Winters are shorter and warmer but come with more extreme snowfall events. Fluctuating winter conditions, excessive accumulation and even the types of snow we get now mean that buildings are faced with extraordinary snow loads that they were not originally engineered for. It can also create other hazards including ice dams, sliding snow and in snow removal practices.
Not all snow is created equal
In Canada we see everything from light fluffy flakes to heavy, wet snow. It’s important to recognize the difference because assessing snow load, or weight of the snow, depends not just on the depth of snow accumulation but also on the type of snow. For example, powder type snow is typically lighter than wet packed snow while ice is heavier than both. Snow load is determined by the total amount of all types of accumulated snow in an area and can impact buildings and the insurance you need in several ways.
Snow overloading can cause a roof to weaken or collapse and can put buildings, as well as occupants and assets, in danger. Certain roofs are also more at risk. For example, escaping heat from a building can change the consistency of the snow and a flat roof may accumulate more snow than a sloped roof. Roof additions such as solar panels and skylights can also affect a building’s capacity to handle snow load. An engineer’s assessment of the general stability of a roof and the snow load it can handle will help prevent problems as will an ongoing plan for measuring snow accumulation and removal. Some warning signs of overloading include:
- Sagging roof
- New or severe roof leaks
- Cracks in walls or masonry
- Doors or windows that are difficult to open or close
- Sounds of creaking, groaning, cracking or popping
Ice dams, formed when melted snow trickles to the outer edges of a roof and then refreezes, add to the load on your roof. This can also create additional structural problems and health hazards including mould or slip and fall conditions. Since flash thaws are common in many parts of Canada, it’s also important to ensure that water from melting snow is diverted away from foundations.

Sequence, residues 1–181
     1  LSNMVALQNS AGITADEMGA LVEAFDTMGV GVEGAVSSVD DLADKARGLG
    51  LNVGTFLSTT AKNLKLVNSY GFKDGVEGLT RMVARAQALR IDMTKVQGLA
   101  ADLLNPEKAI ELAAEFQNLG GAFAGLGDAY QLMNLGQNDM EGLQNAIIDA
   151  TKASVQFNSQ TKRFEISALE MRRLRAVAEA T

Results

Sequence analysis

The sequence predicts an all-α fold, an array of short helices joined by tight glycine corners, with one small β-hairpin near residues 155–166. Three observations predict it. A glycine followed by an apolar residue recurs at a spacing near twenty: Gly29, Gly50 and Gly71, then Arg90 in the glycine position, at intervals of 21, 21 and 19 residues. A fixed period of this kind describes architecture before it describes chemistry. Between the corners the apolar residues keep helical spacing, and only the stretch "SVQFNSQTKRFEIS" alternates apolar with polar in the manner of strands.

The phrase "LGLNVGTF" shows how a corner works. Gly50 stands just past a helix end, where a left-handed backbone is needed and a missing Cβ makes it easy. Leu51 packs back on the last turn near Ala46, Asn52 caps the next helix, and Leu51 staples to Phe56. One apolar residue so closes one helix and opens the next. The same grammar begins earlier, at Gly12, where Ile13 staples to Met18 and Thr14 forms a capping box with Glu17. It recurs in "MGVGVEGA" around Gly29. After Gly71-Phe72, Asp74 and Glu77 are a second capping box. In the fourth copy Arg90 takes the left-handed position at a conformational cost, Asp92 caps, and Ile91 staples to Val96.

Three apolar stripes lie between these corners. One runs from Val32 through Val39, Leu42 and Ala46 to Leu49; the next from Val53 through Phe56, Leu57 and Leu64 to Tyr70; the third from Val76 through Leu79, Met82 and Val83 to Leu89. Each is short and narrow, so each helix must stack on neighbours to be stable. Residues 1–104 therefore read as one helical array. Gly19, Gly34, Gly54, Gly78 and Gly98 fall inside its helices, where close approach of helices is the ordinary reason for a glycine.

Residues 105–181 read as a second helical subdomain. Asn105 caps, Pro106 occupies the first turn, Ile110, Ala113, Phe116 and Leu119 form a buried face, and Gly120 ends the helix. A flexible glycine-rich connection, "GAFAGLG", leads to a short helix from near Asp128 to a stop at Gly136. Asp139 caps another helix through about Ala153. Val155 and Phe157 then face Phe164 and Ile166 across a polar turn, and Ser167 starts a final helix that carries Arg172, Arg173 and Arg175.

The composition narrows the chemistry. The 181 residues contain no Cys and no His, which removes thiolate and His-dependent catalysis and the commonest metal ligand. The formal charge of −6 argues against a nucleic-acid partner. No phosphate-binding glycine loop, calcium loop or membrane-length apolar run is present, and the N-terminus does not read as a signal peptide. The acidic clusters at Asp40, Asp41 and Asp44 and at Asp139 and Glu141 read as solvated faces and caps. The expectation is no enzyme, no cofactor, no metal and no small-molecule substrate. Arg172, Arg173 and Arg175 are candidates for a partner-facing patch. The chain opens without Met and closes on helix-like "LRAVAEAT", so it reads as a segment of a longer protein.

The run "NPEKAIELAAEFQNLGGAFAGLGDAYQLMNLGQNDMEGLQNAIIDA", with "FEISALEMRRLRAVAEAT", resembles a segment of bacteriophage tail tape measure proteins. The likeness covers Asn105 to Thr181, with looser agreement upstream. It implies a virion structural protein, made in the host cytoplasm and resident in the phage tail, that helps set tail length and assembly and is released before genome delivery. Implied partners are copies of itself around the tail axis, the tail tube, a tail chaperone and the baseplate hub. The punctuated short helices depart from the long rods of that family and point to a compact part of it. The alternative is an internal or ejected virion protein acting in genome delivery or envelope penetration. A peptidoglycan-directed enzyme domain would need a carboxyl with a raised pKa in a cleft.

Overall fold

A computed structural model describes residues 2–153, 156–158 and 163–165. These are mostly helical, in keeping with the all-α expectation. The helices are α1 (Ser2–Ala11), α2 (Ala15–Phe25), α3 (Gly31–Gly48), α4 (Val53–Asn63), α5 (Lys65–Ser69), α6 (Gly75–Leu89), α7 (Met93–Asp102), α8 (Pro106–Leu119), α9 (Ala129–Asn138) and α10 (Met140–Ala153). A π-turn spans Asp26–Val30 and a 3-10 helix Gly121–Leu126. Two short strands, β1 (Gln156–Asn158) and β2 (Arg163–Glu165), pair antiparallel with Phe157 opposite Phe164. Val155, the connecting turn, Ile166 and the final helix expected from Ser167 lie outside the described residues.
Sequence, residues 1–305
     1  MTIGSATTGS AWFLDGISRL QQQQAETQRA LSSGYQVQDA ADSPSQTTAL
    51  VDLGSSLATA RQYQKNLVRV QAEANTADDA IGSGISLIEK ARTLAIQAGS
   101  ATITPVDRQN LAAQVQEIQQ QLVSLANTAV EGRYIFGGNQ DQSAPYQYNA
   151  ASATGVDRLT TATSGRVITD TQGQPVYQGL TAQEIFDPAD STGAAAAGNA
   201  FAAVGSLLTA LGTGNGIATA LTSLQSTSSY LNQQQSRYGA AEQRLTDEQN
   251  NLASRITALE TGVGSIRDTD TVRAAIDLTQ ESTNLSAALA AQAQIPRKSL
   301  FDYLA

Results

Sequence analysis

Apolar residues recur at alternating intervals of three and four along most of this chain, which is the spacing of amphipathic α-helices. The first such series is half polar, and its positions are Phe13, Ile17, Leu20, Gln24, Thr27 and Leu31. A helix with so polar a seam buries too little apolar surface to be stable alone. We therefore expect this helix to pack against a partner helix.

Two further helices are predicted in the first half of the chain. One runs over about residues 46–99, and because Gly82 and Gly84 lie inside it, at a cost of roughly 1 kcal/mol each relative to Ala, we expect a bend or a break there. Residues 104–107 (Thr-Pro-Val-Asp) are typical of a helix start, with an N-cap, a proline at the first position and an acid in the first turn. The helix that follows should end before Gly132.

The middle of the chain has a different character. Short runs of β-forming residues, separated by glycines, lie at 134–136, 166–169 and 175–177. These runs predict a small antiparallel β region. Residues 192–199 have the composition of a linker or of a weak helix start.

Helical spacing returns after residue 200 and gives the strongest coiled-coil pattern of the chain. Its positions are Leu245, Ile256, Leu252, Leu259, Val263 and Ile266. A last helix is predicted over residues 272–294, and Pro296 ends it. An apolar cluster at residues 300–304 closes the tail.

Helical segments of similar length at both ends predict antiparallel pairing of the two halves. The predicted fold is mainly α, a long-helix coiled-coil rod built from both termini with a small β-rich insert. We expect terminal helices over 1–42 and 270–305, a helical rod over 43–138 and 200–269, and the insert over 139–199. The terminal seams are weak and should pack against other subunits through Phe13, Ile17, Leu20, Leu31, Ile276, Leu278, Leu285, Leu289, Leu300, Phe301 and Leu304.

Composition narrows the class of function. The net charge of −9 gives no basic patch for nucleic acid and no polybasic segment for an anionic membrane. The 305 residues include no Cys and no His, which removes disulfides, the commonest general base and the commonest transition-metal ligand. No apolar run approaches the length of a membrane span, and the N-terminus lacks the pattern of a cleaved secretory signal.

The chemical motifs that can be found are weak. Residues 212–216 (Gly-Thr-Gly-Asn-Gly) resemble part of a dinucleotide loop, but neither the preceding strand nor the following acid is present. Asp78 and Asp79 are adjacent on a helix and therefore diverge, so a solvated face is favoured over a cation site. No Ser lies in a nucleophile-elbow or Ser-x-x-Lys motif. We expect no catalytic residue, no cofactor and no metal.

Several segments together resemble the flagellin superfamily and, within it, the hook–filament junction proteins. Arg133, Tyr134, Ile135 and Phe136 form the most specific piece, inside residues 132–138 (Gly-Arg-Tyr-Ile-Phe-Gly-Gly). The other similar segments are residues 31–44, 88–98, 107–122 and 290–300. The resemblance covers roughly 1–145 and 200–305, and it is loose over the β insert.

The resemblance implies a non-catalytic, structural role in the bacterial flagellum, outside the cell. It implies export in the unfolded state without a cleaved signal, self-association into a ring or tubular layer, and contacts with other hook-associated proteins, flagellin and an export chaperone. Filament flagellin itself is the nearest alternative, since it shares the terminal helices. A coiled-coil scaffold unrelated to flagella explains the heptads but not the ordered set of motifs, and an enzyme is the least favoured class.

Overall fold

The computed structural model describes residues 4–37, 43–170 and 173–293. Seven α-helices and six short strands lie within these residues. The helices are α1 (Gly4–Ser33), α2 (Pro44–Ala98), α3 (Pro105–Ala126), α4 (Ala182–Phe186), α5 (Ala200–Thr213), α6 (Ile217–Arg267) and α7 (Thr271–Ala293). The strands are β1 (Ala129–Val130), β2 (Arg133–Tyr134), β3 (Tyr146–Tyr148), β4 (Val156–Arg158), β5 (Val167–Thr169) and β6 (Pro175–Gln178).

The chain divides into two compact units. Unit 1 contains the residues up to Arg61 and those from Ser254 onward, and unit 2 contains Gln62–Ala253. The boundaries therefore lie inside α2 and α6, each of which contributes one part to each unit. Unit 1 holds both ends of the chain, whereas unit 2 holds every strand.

A heavy snowfall or a change in temperature can quickly send accumulated snow sliding down a sloped roof, endangering those passing by. Installing snow guards on a roof can help keep snow from falling on people, damaging lower roofs or other structures.
Snow removal is critical, but it poses a few risks of its own. Consider hiring a contractor for removal but regardless, mark off the area and take a safety-first approach to removal.
- Wait until after a snow event has ended
- Remove snow in small amounts and evenly across the roof
- Avoid creating piles of snow on a roof
- Avoid scraping snow right down to the roof – leave 5cm to avoid damaging the roof
- Avoid packing snow on the roof by walking on it
For more information, contact your insurance broker. If you don’t have one, use our Find a Broker tool.
Winter Weather. (2018). Retrieved from Insurance Bureau of Canada: http://www.ibc.ca/pe/disaster/winter-weather
Managing changing snow load risks for. (2014, December). Retrieved from Standards Council of Canada: https://nnca.ca/sites/default/files/CANCSA%20S502-14%20-%20Managing%20Changing%20Snow%20Load%20Risks%20for%20Buildings%20in%20Canada%E2%80%99s%20North.pdf